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In today’s technological world, the information passed through optical fiber networks every second is as valuable as currency, but often the security is not adequate for growing network capabilities and the threats against them.
LANL researchers are helping address these cyber security threats through two recently unveiled technologies.
Jane Nordholt, Richard Hughes, Charles Peterson, and Raymond T. Newell of the Lab’s Applied Modern Physics group have developed unique cyber security technologies based on quantum key distribution that can provide both communications and transmission security: Quantum Smart Card (QKarD) provides communications security; Quantum Enabled Security (QES) provides transmission security. While fully capable of operating independently, these technologies also can operate as one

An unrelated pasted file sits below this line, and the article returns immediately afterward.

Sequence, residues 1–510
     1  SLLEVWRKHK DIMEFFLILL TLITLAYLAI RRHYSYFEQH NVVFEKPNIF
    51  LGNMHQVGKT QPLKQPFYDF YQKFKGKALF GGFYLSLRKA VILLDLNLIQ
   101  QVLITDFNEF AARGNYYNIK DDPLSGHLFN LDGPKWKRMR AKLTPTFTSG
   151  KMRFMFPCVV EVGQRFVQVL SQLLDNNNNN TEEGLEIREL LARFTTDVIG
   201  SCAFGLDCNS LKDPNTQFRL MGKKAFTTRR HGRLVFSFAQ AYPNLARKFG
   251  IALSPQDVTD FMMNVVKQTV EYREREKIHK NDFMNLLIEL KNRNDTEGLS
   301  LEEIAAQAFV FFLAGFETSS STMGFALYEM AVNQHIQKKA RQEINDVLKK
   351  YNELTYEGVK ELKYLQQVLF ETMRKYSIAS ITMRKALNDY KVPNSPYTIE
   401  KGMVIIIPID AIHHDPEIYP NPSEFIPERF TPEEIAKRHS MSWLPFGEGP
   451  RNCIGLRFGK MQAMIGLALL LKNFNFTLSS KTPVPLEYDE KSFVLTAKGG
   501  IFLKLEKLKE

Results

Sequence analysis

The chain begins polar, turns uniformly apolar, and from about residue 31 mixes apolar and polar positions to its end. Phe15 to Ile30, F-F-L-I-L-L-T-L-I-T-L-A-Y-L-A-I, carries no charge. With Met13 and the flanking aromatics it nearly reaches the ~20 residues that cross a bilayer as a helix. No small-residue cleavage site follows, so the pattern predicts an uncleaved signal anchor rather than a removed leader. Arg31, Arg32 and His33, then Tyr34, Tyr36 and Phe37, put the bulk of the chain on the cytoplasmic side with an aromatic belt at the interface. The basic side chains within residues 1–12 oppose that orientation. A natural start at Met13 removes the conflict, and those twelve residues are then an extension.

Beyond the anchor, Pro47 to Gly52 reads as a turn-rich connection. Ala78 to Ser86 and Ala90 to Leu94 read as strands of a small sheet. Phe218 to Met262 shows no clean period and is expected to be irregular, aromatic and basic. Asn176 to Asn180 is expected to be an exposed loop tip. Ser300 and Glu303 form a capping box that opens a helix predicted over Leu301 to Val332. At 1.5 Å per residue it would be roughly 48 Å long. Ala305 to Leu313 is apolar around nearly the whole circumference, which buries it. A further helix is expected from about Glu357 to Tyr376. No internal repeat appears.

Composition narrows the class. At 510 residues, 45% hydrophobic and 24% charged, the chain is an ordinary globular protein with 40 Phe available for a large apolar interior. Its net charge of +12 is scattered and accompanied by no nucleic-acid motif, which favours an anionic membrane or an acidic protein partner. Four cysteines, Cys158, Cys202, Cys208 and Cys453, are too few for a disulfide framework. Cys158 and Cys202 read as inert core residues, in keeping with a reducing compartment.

complete system for encryption and authentication.
The new technologies represent a paradigm shift in practical cryptography. Unlike current cryptography techniques, which rely on the difficulty of mathematical problems to generate security, quantum encryption techniques rely on the laws of quantum mechanics.
By placing cryptography on the solid foundations of physical laws, quantum-key distribution provides encryption that is provably secure versus that which is probably secure.
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